Clara Brennan's occasionally implausible but mostly inspiring love-letter to libraries gets a fine production at Inis Nua.

Emily R. Johnson in Spine at Inis Nua. (Photo by Katie Reing)

Emily R. Johnson in Spine at Inis Nua. (Photo by Katie Reing)

Don’t be fooled by the genteel sitting room, with its small creature comforts (decorative pillows, crocheted throw, wing chairs). What the young woman standing here is telling us is anything but cozy. It’s a narrative steeped in blood, shit and ejaculate. And that’s just the first five minutes.

Who is she? And what on earth brought her here?

Her name is Amy, and though she’s still a teenager, her life so far is a funny-sad-disturbing saga that verges on the epic. Just a few of the headlines — born into a dysfunctional, poor family in West London, Amy is unable to hold down a job, saddled with an abusive boyfriend, and filled with anger. Later, she turns to burglary, and… well, you get the idea.

Yet in Spine, Clara Brennan’s intriguing, occasionally implausible but mostly inspiring one-character play, Amy is no victim. She recounts her story with forthright wit, never feeling sorry for herself. Moreover, this house — where she’d hoped to rent a room as a last-resort place to live — turns out to be life-changing. The elderly woman who owns the place takes an interest in Amy, and shares with her the secret stash of books she’s been stealing through the years from libraries, as they close down. As Amy reads, she changes.

Much of the charm in Spine comes from the unlikely intersection of hipster nihilism and feel-good sentimentality. There are traces of Shaw’s Pygmalion throughout, including a bracing dose of political rabble-rousing. But even more, Spine reminded me of Donna Tartt’s grand novel, The Goldfinch, which evokes a similar tonal blend. (Spine could be seen as a love-letter to libraries, as Goldfinch is to art museums.)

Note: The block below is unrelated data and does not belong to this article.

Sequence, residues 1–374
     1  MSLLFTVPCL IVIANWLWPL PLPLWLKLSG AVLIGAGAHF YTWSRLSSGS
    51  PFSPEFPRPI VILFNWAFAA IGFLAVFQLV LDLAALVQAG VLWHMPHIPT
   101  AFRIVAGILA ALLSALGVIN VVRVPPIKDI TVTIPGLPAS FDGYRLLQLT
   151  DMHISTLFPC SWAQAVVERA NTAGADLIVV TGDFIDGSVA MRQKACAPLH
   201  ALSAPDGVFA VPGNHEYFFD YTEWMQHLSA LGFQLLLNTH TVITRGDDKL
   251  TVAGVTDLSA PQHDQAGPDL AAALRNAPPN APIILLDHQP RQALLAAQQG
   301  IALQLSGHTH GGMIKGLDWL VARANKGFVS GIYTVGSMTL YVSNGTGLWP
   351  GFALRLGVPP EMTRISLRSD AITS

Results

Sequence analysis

There was a bit too much hokum for me in The Goldfinch — and frankly, there is here, too. But fortunately, it never overwhelms the piece, and it’s consistently undercut by Emily R. Johnson’s extraordinary performance, which is full of electric energy and bone-dry humor (and pitch-perfect British-ness). If the monologue form means that we have only storytelling, never conversations, the stories here, in Brennan and Johnson’s hands, spring vividly to life.

Spine, like several other works Inis Nua has produced over the years, was first a hit at the Edinburgh festival. I haven’t always felt these works translated easily, but this one absolutely does. Please see the show, beautifully staged by director Claire Moyer at company’s new home at the Drake. And bring a teenager with you. You’ll have a lot to talk about.

Spine runs through March 6. For more information, visit Inis Nua Theatre Company’s website.